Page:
Playing Around With Shutter Speed [☾ ~ #13]

Sunday, July 08, 2012

If you are into DSLR photography, surely you know this stuff called shutter speed. As wikipedia defines it, 
Shutter speed represents the time that the shutter remains open when taking a photograph.
Trying different shutter speed settings produces dramatic effects on the photo. Slow shutter speed captures motion into the picture while fast shutter speed crisply freezes the object, even if it is moving fast while the photo is being taken.


LIGHT ABSORPTION
Aside from motion, the amount of light captured into an image can also be affected by the shutter speed. Take these series of photos as example.

1/250
1/125

1/50
1/20
As you can see, the slower the shutter speed, the more light is absorbed in the image.

PANNING
This is one photography technique that I've wanted to try for like forever, but it requires specific circumstances to be able to carry out the desired photo output.

Basically, there should be a moving object. That would be the subject of your photo. Preferably, the movement of the object is horizontal. Your goal is to get a crisp and clear shot of the moving object. To do this, your camera will have to move with the object. It's like when you are sitting, say in a cafe, then you see someone walk by. Your eyes follow and move along with that person. That's also what you want to do with your camera. And to do this, you have to set the camera to a slower shutter speed. Click the shutter button as soon as the object enters the frame of the lens, then let the lens follow the object until the exposure ends.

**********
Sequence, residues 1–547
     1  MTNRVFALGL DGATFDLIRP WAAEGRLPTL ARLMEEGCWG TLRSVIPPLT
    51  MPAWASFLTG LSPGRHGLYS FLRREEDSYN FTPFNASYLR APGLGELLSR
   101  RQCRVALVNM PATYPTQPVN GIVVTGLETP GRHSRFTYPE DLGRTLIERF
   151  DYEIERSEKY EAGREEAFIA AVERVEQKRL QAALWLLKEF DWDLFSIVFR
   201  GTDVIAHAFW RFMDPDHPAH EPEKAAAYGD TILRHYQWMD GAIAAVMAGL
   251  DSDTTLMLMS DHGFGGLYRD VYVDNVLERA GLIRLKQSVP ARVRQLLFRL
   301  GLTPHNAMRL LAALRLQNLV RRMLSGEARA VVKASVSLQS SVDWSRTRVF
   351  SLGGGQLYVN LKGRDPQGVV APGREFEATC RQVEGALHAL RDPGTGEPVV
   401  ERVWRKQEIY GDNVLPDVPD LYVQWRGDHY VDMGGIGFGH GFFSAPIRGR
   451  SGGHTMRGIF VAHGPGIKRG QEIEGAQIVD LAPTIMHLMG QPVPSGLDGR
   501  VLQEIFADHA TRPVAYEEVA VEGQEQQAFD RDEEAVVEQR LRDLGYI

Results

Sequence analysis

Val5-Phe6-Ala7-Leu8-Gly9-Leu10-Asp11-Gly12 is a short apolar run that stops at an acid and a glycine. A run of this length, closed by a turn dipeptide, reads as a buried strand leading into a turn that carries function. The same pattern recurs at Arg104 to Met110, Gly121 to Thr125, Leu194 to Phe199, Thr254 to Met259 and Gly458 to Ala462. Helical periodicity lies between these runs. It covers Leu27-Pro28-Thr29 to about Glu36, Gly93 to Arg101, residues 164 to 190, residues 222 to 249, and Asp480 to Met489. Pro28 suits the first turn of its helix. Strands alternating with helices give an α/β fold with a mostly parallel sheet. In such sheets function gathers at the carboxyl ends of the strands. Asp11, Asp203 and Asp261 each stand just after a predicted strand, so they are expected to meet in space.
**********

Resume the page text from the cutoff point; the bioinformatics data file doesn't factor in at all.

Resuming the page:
I happened to pass by an ice skating rink in a  mall when I was with my family. This is one perfect object for panning.



Getting the hang on panning can be a bit challenging. It would require a lot of practice to finally get the trick. I'm saying these because this is my first time to actually apply the technique on shooting moving objects, and the shots that I produced were just satisfactory. (^__^v)








Anyway, most things (if not everything) can be achieved through practice. So my panning skills would still improve in time. :D


Actually, it's nice to play around the settings of the camera. This is how you discover new tricks and techniques to apply in your photos. Maybe we'll tweak the other settings next time. 

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2 (mga) komento

  1. cool! so that's what it's called... #interesting so, how's your panning skills now? :D

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